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Research Shows C-Section Births Linked to Chronic Health Problems

pregnant womanA new study may give expectant mothers pause before scheduling an elective Cesarean section delivery. According to research published in the British Medical Journal on June 10, 2015, babies born via C-section may be at a greater risk of developing chronic health problems as adults.  Professors Jianmeng Liu and Jan Blustein analyzed evidence suggesting that these children were more likely to suffer from Type 1 diabetes, obesity and asthma later in life compared to babies born vaginally.

Considering that nearly one third of all babies in the United States are delivered by Cesarean section, this recent research is particularly relevant to couples starting a family. Along with the risks outlined by the researchers, pregnant women should also be aware of potential consequences of C-section mistakes, which can also lead to serious birth trauma and newborn injury.

Asthma, diabetes and obesity linked to C-sections

In situations where a vaginal childbirth isn’t progressing well, or labor is complicated by shoulder dystocia, Cesarean section deliveries can be life-saving for both mother and child. But over the past twenty years, many nations have reported a significant spike in C-sections, raising concerns about unnecessarily high rates.

Dr. Jianmen Liu of Peking University and Dr. Jan Blustein of New York University’s School of Medicine performed a meta-analysis of prior studies that revealed a strong tie between C-sections and chronic health ailments. The professors discovered at least 20 studies that connect Type 1 diabetes with Cesarean deliveries, and another 23 that linked asthma with C-sections.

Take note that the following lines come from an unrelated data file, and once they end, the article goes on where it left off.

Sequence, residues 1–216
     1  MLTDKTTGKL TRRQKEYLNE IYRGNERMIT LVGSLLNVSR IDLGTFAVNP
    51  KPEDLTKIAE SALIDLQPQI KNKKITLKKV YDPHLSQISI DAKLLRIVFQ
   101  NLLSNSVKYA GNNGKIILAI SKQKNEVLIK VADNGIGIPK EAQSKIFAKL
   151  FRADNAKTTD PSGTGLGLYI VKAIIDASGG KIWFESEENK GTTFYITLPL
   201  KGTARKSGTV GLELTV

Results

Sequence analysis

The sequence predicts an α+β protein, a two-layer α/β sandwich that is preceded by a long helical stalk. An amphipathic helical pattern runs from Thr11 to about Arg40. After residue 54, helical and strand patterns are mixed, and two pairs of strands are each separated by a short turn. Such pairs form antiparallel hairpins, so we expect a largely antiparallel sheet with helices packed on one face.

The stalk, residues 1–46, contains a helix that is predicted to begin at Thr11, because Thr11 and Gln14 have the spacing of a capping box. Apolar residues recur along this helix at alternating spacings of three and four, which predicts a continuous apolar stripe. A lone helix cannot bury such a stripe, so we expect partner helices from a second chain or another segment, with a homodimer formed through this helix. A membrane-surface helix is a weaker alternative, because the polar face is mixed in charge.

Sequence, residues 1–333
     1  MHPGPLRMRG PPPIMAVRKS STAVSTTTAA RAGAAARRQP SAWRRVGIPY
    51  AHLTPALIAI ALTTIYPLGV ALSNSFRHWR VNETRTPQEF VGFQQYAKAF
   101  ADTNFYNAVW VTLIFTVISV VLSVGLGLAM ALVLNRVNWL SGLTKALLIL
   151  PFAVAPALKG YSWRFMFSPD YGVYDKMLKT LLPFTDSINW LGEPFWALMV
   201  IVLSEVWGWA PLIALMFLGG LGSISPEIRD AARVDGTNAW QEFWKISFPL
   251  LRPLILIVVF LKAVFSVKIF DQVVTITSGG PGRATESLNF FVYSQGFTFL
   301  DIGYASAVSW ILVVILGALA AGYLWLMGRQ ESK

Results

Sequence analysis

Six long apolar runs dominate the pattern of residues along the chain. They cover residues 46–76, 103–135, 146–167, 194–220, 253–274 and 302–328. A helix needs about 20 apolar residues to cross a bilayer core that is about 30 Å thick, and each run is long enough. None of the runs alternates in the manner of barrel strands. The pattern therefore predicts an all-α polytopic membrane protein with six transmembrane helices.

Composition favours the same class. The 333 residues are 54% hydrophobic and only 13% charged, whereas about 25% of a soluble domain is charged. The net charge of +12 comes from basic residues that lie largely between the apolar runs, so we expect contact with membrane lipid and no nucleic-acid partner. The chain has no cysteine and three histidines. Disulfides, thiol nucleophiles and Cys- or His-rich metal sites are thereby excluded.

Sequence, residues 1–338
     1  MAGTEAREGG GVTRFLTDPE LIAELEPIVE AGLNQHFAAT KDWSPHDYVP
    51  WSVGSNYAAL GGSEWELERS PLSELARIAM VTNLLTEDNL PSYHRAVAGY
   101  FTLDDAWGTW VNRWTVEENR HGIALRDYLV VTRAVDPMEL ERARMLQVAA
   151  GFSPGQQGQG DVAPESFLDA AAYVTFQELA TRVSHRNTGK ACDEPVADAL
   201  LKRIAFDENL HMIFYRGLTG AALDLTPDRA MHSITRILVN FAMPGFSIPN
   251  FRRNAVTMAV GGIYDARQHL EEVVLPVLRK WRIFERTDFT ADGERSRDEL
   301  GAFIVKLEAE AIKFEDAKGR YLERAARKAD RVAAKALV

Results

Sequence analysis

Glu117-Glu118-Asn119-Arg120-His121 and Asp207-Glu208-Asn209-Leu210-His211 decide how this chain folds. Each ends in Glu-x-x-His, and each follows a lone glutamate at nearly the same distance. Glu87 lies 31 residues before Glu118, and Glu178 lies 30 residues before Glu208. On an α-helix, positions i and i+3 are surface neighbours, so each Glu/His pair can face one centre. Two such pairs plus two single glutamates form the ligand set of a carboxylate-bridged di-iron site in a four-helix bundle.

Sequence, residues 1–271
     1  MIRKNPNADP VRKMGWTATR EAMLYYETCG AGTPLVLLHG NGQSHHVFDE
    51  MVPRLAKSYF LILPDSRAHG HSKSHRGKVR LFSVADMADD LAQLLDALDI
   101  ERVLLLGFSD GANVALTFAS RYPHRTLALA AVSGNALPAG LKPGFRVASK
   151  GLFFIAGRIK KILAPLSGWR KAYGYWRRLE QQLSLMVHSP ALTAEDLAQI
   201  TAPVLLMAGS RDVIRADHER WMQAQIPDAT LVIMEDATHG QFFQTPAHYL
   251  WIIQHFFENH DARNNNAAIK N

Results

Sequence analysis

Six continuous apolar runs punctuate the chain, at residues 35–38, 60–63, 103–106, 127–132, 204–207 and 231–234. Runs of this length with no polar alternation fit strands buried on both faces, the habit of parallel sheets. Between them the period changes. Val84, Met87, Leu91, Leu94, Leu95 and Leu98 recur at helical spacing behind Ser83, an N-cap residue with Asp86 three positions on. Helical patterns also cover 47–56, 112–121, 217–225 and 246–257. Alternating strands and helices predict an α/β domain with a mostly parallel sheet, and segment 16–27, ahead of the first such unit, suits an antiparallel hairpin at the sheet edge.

Obesity, which predisposes patients to heart disease, hypertension and type 2 diabetes, may also be associated with the method of delivery, say Dr. Liu and Blustein.  The researchers found that babies born via C-section had a 19.4 percent childhood obesity rate versus 15.8 percent in those who were delivered vaginally.

The research team noted that more studies were warranted on the subject, and “getting definitive answers will take many years of further research. In the interim, we must make decisions based on the evidence that we have. To me, that evidence says that it is reasonable to believe that cesarean has the potential for long-term adverse health consequences for children.”

Dr. Blustein and Dr. Liu want to start a dialogue about the possible risks of C-section deliveries in the scope of long-term child health.

“People have always known the consequences of vaginal delivery — brain damage, cerebral palsy, shoulder dystocia — but there is not much discussion of the long-term downsides of cesarean delivery,” Dr. Blustein told CBS News.

C-section overuse remains a nationwide concern

In America, over 32 percent of women deliver their newborns by Cesarean section, according to the Centers for Disease Control. This figure is much higher than the WHO’s target 10 to 15 percent for “medically necessary C-sections.” At some point in the future, Dr. Blustein and Dr. Liu hope that their findings may affect C-section guidelines issued by the American College of Obstetricians and Gynecologists.

Cesarean section deliveries, even under optimal conditions, have their own risks. When performed too late, or mistakes are made, the possibility of serious birth trauma increases. In situations where medical negligence was to blame, parents may turn to the courts for legal compensation.

A lawsuit alleging birth injury malpractice may argue that doctors failed to perform a medically necessary C-section on time, missed signs of fetal distress, or failed to properly manage labor complications.

  1. CBS News, C-section births linked to long-term child health problems

  2. Mayo Clinic, C-section risks

  3. American Pregnancy Association, Risks of a Cesarean

  4. Science Daily, Do Newborns Delivered by C-Section Face Higher Risk of Chronic Health Problems Later in Life?